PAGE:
Many existent initiatives in the county and at a global health level reach their published expiry date in 2030, namely the Cambridge 2030 Vision project, and more latterly the Sustainable Development Goals. For ease of monitoring and comparison, this end-date has been chosen to achieve the proposed targets as below delineated to improve the health of persons living in Cambridge. The individual human user and consumer of the urban space must be the main beneficiary for the proposed set of initiatives, reaping complementary benefits, with many of the lower scale actions immediately delivering quantifiable changes and improvements in health. Furthermore, by appropriating the model of Cambridge University’s 2010-2020 Carbon Management Plan, there will be 12- and 36-month targets for policy development and management drafted in the Gantt Chart following:

Screen Shot 2016-06-15 at 21.06.57

This report recommends a 2030 target of affordable housing for all, a reassessment of council and social housing selling practices and prioritisation of settlement for the destitute population. This housing must be socially sustainable factoring in the projected rise in city house prices to ensure that residents are not out-priced, possibly for the second time. This will reduce the numbers of street-dwelling destitute so improving urban sanitation but will also augment the image of the city with attractiveness key to its magnetism for commerce and creativity. This intervention will require the appropriation of disused buildings, promotion of room-to-lets within personal properties for short-term provision and a reconsideration of brownfield sites ‘that might have development potential’ (Cambridge Past, Present & Future, 2014) within the urban green belt. This process will reap energy efficiency co-benefits by adopting the most advanced energy efficient repurposing build methods. Meanwhile, air pollution will be reduced through a comprehensive review and overhaul of pedestrian areas and walkways in the city to promote carbon efficient modes of movement and a transition from vehicle use. Indeed, the archaic limits of the city are marked by the green belt so improvements made in the present must be sustainable on-going in a city uniquely preserved from patterns of urban sprawl due to its compact nature and inherent walkability. The majority of pedestrian areas in the city are also cycle routes. The two can productively co-exist, but there must be clear zoning [Figure 5], introduction of pedestrian lanes in the wards furthest from the market epicenter and improvement of existent pavements. For instance, the walkways straddling Sidgwick Avenue [Figure 4] are inhospitable and represent a trip hazard as tree roots have surfaced. In this particular instance, an add-on benefit of resurfacing would be to consider the attractiveness of both walking routes and their value to users in terms of commodity and safety. Van Cauwenberg et al. (2012) support this imperative to make pedestrian lanes ‘pretty’ and recommend that tree planting becomes central – rather than ancillary – to road planning, possibly encouraging users to walk further. Many routes would benefit from a green lane, implemented through citywide planting of trees and maintenance of the existent stock. In addition to the beneficial carbon offsets of increased canopy coverage in the city and associated disruption of the urban heat island effect (Corburn, 2009), walking promotes health. Indeed, Cambridge City Council’s brochures promoting 1-3 mile walking tours and pedestrianized commuter routes would satisfy the UK government’s weekly physical activity recommendations of walking two 1-mile journeys daily (Walking for Health, 2013). The associated global health benefits of adequate physical activity acts prophylactically warding against non-communicable diseases and improving mental health and combating stress, (Klaperski et al., 2013) in turn reducing the local health system load.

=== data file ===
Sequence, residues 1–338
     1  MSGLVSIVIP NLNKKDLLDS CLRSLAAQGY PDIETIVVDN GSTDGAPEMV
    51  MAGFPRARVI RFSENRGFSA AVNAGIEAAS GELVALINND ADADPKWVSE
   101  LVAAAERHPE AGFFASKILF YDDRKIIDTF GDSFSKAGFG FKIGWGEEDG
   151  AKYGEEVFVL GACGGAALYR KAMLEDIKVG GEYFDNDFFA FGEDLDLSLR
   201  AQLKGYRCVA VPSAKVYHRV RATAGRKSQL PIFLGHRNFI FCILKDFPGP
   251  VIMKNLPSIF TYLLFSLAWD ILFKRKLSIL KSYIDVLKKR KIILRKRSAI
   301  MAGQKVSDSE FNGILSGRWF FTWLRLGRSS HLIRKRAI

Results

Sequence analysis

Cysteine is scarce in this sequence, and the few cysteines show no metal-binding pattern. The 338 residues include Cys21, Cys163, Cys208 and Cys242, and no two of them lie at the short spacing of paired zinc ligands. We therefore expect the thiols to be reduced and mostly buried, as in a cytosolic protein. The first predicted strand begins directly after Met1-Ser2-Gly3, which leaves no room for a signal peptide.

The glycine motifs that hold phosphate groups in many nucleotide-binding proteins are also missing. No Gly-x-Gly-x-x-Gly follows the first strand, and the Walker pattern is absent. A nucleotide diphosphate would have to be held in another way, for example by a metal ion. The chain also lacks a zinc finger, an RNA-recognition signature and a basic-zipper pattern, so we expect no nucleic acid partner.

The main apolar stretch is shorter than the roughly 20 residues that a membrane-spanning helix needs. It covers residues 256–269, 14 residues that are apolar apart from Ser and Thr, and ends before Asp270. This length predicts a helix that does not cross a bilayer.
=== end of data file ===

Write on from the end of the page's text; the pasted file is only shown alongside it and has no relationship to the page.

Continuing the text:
These recommendations function across comprehensive plans projecting towards 2030, but are also characterized by meaningful, microcosmic behaviours and actions. Indeed, Cambridge will always be a city in flux; the nerveline of the River Cam symbolizes transition, arrival and departure; but the landed area will remain largely constant given planning restrictions and limited scope for urban sprawl. By adopting these initiatives that prioritise sustainable and cost-effective repurposing, by 2030, Cambridge will have secured its position as a self-supporting urban centre able to share its models of urban heath, affordable settlements, social progress and carbon efficiency to other cities.

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Image Credits:

Footer panorama: The River Cam. KBJX6, 2015.

Header panorama: From King’s College Chapel. A. Bow-Bertrand.